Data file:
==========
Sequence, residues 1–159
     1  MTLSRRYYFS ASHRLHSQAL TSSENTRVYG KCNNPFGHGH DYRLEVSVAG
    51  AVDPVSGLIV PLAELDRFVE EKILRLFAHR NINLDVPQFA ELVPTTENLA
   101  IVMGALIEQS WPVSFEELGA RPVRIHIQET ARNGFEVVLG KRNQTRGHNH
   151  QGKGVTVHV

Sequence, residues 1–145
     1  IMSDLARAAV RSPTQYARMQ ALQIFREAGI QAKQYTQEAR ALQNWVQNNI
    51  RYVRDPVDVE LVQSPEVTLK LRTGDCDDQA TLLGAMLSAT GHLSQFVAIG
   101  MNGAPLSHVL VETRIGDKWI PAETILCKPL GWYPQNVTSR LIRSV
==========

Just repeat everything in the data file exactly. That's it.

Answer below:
Sequence, residues 1–159
     1  MTLSRRYYFS ASHRLHSQAL TSSENTRVYG KCNNPFGHGH DYRLEVSVAG
    51  AVDPVSGLIV PLAELDRFVE EKILRLFAHR NINLDVPQFA ELVPTTENLA
   101  IVMGALIEQS WPVSFEELGA RPVRIHIQET ARNGFEVVLG KRNQTRGHNH
   151  QGKGVTVHV

Sequence, residues 1–145
     1  IMSDLARAAV RSPTQYARMQ ALQIFREAGI QAKQYTQEAR ALQNWVQNNI
    51  RYVRDPVDVE LVQSPEVTLK LRTGDCDDQA TLLGAMLSAT GHLSQFVAIG
   101  MNGAPLSHVL VETRIGDKWI PAETILCKPL GWYPQNVTSR LIRSV